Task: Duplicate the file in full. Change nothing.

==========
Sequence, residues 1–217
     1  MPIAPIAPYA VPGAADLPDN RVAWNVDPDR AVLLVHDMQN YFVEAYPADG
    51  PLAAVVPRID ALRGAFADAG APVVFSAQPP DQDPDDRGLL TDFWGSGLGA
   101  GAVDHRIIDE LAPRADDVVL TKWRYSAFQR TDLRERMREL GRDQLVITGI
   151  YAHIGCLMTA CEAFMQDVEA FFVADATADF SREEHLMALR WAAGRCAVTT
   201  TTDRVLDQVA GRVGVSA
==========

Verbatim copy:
Sequence, residues 1–217
     1  MPIAPIAPYA VPGAADLPDN RVAWNVDPDR AVLLVHDMQN YFVEAYPADG
    51  PLAAVVPRID ALRGAFADAG APVVFSAQPP DQDPDDRGLL TDFWGSGLGA
   101  GAVDHRIIDE LAPRADDVVL TKWRYSAFQR TDLRERMREL GRDQLVITGI
   151  YAHIGCLMTA CEAFMQDVEA FFVADATADF SREEHLMALR WAAGRCAVTT
   201  TTDRVLDQVA GRVGVSA